And lets not forget all the credit cards that Apple has, plus an OS so seemingly fantastic that developers (including yourself if you ever decided to do it) go to the ipad et al first. Which is why they have the lead in the apps. Something Android may have trouble catching up on because of the various OS issues of letting everyone muck around with the software. Google is just now figuring out that they gave folks too much control but with the beast loose it will be near to impossible to regain their footing without a huge PR mess (which might scare them away from trying)

  • CharliK

    1. yes they are ignoring a huge audience which is not smooth
    2. At this point they are basically giving tons of storage away. That of course won’t last but it is a way to promote this and get folks in. Amazon is likely figuring that if they get folks invested in their version those folks won’t care when someone else releases whatever. Common game style. We’ll see if it works

  • Ravi

    I’d love to see the labels pull their content from Amazon. They will, of course, sell their digital music businesses to Apple for pennies on the dollar the very next day.

    Amazon is the one company in the world that can get away with this. The labels need Amazon far more than Amazon needs them. Amazon is the #2 seller of digital music in a market where the #1 seller (Apple) is already very, very powerful. Should the labels foolishly eliminate the major well-known, trusted alternative to Apple, Apple would quickly take advantage of their newfound power.

  • Ravi

    You do realize that *Amazon* isn’t the reason there’s no iPhone app, right? What would you have Amazon do? Not do Cloud Player at all because they wouldn’t get permission from Apple?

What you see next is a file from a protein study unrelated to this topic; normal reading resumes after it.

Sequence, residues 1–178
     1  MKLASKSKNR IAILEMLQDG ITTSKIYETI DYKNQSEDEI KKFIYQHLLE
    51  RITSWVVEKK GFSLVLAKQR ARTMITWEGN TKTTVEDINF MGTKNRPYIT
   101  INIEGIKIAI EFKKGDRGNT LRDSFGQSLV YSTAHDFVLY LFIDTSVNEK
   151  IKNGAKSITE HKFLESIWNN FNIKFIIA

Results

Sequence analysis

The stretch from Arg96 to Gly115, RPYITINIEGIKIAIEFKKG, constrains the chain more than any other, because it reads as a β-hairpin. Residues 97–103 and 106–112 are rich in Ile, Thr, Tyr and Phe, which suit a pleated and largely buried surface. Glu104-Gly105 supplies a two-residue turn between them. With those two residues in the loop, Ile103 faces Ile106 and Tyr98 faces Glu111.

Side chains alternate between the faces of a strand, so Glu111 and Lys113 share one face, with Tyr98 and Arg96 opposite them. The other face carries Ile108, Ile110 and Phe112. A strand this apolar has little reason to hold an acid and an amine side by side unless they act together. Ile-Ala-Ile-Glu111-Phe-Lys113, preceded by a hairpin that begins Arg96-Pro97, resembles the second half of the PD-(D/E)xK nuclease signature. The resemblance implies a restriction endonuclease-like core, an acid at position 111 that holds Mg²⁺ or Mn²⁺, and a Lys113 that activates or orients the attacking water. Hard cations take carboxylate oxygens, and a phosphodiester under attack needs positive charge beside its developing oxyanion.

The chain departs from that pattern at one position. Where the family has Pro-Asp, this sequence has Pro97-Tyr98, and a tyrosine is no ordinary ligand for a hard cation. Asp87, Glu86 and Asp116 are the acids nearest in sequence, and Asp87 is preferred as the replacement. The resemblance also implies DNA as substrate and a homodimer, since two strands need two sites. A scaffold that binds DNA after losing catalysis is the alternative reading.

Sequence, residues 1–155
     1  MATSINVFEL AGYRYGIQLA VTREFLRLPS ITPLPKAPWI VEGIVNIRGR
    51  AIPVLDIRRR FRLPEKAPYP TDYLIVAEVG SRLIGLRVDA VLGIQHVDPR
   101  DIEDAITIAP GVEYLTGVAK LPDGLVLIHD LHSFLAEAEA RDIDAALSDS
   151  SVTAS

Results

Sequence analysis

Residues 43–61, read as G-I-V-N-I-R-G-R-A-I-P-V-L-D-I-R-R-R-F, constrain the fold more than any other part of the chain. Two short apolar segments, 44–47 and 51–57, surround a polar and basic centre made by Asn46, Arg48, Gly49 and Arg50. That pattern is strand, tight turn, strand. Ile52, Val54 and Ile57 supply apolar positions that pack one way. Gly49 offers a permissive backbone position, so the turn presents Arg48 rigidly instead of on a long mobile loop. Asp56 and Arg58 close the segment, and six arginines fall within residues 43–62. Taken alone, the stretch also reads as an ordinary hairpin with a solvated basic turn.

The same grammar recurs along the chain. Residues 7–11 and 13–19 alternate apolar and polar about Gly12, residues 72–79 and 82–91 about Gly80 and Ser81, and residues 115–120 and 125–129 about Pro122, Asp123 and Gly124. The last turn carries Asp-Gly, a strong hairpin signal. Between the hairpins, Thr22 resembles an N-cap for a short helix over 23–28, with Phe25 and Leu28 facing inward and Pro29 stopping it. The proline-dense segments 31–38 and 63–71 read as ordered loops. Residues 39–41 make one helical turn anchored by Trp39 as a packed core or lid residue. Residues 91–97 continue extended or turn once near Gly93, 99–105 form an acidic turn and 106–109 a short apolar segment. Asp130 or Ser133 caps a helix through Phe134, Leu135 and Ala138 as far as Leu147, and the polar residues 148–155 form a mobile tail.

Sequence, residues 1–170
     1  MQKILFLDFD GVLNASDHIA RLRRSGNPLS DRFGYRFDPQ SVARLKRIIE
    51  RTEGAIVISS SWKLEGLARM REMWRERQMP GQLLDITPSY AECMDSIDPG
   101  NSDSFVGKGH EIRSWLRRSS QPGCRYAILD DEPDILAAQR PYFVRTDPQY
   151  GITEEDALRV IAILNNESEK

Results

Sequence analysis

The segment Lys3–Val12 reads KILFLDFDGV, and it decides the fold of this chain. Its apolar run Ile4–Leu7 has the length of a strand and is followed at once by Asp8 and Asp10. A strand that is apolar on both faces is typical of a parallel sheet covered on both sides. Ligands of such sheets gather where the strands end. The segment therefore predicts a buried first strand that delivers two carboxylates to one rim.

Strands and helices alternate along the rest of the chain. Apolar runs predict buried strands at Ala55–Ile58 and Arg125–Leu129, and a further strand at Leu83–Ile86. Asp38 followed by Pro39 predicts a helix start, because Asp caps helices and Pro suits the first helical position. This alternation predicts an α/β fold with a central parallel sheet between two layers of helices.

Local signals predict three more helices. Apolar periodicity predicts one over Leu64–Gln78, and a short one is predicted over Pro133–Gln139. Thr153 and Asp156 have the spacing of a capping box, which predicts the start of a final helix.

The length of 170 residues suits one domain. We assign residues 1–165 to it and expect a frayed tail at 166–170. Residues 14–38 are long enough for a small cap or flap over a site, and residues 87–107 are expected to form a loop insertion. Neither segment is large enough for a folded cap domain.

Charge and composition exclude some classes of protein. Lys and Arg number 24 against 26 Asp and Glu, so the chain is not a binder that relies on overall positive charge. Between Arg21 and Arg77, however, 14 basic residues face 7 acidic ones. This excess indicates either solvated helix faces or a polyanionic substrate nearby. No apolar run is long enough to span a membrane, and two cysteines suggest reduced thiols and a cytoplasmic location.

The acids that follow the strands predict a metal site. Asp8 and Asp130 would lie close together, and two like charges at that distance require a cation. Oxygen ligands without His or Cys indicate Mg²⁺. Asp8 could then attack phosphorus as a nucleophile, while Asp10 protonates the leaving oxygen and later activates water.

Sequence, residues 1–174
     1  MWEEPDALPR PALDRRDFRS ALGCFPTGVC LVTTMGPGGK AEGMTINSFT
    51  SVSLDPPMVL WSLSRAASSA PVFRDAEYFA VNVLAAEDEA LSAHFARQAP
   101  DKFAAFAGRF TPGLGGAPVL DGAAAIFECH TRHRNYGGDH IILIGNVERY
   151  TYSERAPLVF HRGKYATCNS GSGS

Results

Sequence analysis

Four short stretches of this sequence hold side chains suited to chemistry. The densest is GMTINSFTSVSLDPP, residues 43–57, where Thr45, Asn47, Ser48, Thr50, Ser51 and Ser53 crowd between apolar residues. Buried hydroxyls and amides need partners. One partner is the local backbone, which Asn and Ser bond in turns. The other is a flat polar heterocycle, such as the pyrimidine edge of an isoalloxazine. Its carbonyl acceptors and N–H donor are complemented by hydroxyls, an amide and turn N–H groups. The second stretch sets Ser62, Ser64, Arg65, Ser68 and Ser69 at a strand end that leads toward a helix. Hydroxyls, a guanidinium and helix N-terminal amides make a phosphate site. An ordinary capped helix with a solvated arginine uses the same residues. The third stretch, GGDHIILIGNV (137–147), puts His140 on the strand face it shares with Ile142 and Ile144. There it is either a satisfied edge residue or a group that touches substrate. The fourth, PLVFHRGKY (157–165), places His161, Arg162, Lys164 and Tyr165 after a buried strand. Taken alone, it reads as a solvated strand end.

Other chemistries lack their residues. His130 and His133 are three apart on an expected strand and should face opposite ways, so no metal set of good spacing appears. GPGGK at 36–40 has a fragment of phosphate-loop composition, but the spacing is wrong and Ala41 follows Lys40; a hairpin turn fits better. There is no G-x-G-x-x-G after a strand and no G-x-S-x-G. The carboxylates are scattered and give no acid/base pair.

• Ravi

    Apple wouldn’t allow Amazon’s Cloud Player after they’d launched their service, either. Remember, one important class of App Store rejection is “duplication of built-in functionality”.

  • HammyHavoc

    I would say that SoundCloud and Spotify are more of a ‘threat’, but iTunes is and will always be at the top. That is just the way it is. Apple will continue innovating and leading everybody else.

  • HammyHavoc

    Agreed. I can see Amazon’s offering being similar to webOS. Very disappointing from the point of view of actual software. No corporation has any form of ‘game’ against Apple now.

  • HammyHavoc

    I took a quick look at Amazon’s cloud player and had no inclination to use it. Just don’t see any point in it. Amazon doesn’t even offer anything to make me want to try it out.

  • HammyHavoc

    I want cloud sync; I want to be able to choose any songs from my library at home. I don’t want to have to sync with a USB cable or even be at home. That’s the place that I see a nice use for ‘the cloud’.

    Bring on the new MobileMe update I say, that’ll really make it even more value for the tiny price I pay per year for a family account.